So what can we do?

The obvious remedy is to use common sense.

Don't openly leave gear out in unsecured areas (like photo positions, empty dugouts and along the stands at football and soccer games). If you do have to leave gear that's not needed at the moment, lock it down.

Photo by Robert Hanashiro

Photo by Robert Hanashiro
There are several chain and lock combo available at hardware and sporting goods stores. I use a lock with a retractable steel cord that's meant to secure ski boots. And there are several security devices sold to lock down laptops.

For camera bags and other cases (like VersaFlex and Lightware) that would be harder to chain down, there are large steel mesh bags that they can be dropped into and then locked up.

Often it only takes a visual deterrent to prevent a piece of equipment from "walking."

Another thing to think about is what do you REALLY need to shoot that game and leave the rest home.

If you do have to cover that football game with a 400mm AND a 600mm, you might consider getting the Kinesis Long Lens case that has a backpack harness. You can shoot with one long lens while carrying the other on your back. It's cumbersome, but it's better than trying to explain to your DOP that you had a $6,000 lens stolen.

A rumor came to Sports Shooter recently about a new policy at a metro newspaper that recently had a piece of long glass stolen at a game. The rumored policy is: if a photographer is found to have been careless when company gear comes up missing, they have a month to pay for it out of their own pocket or face termination. (Repeated calls and emails to this paper went unanswered, so this policy is unconfirmed.)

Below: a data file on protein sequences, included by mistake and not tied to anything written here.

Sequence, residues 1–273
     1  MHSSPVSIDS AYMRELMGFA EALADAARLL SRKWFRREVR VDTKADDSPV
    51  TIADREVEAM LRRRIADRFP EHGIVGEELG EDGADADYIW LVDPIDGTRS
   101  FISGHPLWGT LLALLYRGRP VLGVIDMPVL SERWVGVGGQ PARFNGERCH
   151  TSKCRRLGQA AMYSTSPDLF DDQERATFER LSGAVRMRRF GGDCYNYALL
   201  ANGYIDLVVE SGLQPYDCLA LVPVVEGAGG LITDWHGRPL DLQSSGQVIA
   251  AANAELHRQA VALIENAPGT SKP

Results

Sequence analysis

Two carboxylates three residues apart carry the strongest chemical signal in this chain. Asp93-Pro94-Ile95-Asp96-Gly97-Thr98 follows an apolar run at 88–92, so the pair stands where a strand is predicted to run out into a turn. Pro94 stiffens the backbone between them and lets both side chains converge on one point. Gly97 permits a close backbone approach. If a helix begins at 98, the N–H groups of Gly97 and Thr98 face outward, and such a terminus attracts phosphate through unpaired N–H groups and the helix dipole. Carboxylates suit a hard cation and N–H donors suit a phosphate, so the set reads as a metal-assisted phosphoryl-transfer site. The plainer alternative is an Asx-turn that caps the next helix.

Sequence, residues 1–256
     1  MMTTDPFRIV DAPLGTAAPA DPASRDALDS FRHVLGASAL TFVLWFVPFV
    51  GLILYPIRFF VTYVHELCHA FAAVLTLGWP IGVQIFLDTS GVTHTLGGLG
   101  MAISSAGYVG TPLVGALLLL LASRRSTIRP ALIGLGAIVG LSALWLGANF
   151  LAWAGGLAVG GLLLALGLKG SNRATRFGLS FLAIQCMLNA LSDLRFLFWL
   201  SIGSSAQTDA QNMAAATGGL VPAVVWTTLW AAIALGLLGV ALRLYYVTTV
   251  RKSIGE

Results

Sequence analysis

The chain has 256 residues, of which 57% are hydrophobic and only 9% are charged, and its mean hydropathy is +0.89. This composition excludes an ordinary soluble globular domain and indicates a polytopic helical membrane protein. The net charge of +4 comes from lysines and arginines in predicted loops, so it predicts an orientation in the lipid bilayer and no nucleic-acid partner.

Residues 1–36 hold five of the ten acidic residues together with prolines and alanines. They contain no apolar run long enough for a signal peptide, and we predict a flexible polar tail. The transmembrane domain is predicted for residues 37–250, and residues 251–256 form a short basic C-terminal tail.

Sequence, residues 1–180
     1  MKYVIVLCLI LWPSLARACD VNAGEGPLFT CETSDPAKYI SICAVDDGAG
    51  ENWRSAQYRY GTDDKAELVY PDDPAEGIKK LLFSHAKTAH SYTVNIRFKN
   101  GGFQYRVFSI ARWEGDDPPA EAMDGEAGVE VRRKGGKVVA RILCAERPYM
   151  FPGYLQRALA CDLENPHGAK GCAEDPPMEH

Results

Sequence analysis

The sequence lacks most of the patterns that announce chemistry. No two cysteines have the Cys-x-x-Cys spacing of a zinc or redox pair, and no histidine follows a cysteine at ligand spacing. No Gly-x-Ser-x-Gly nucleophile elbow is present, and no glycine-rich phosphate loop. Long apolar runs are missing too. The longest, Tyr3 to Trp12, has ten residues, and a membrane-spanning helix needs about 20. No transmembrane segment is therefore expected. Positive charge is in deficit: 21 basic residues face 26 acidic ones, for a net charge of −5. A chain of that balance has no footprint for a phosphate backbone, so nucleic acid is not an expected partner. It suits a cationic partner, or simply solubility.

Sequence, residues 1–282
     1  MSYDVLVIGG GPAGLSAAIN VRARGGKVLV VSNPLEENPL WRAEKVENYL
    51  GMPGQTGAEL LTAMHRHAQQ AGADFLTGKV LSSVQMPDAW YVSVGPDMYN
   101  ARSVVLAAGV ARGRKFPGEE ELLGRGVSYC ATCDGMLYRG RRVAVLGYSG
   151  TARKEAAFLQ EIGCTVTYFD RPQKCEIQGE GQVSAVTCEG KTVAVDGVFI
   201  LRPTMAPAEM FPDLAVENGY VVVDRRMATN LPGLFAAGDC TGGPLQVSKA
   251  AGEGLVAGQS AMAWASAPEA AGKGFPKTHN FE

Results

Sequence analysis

This policy is HARSH, but certainly something I envision a lot of newspapers considering since now days we go out with digital cameras worth $4,000 - $8,000 and lenses worth more than that.

What all of this means is we have to change our attitudes and maybe the way we do our jobs.

"For me, this incident has changed the way I shoot football for now," Allsports' Jacobsohn says, "As we all know, we don't use all of our gear all the time at an event. There are times when you will use a wide angle or a strobe before the game and then have to stow the gear during the game. When something like this happens, I am hesitant to bring any gear that I don't need for game action."

"As always, you rely on the experience of the locals when you travel to different sites," says Miller, "Since we had about 12 laptops and gear there (in the AP work area) I guess we hoped that it would be taken care of and maybe relied too heavily on good luck."
"Crooks are everywhere. Just because we are 'with the media' and have good parking spaces at sporting events, does not make us immune from being afflicted by scum bags," summed up Greth.

(Robert Hanashiro has been USA TODAY's Los Angeles-based staff photographer since 1989.)